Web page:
Page 44 - The Hunt - Fall 2019
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                 Barnard presides over a tour with local students.
the “drops,” the ones that fall to the ground— become apple butter, cider and sauce. Because deer fencing has largely worked, overall apple production is up, so Barnard is converting more acreage for sweet corn and pumpkins. Additional diversification includes greenhouse lettuce in winter. “The focus is on what we can sell at the farm stand,” he says.
There are some issues. The newest tractor, for example, is 20 years old, and the farm
has trouble attracting and retaining labor. Right now, Barnard’s employs three full-time workers, along with part-timers at the farm stand and the occasional local young hand. “Even though I know these are hard times for farmers, I don’t want to be the one that says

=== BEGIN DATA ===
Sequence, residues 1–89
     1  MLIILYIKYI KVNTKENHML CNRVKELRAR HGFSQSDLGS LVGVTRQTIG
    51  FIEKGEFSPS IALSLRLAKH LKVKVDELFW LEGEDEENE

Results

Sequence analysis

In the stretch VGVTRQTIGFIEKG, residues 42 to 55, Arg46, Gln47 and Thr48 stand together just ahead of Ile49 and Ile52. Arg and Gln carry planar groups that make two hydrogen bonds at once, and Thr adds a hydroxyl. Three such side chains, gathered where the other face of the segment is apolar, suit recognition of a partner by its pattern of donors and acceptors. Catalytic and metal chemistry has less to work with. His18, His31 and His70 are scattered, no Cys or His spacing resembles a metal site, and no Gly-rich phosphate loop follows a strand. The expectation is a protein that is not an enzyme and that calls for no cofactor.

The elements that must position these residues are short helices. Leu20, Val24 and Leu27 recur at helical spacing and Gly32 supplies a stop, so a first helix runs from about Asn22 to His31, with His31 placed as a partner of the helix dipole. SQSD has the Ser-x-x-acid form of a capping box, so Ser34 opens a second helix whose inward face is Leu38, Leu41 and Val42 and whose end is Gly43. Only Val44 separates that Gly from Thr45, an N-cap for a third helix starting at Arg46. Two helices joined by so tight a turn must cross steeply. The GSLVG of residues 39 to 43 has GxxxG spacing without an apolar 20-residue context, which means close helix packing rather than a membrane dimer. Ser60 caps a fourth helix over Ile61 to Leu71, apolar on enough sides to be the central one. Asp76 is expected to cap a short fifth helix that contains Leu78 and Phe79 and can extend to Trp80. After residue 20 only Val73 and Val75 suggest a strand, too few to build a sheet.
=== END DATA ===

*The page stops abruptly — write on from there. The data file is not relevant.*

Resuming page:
it’s too hard,” Barnard says. “We continue to find a way forward.”
There’s an unspoken modesty about his efforts, and patrons almost always want to chat with the fourth-generation producer, who only ever left the orchard to study horticulture at Delaware Valley University. Since he never married and has no children,
42 THE HUNT MAGAZINE fall 2019




























































































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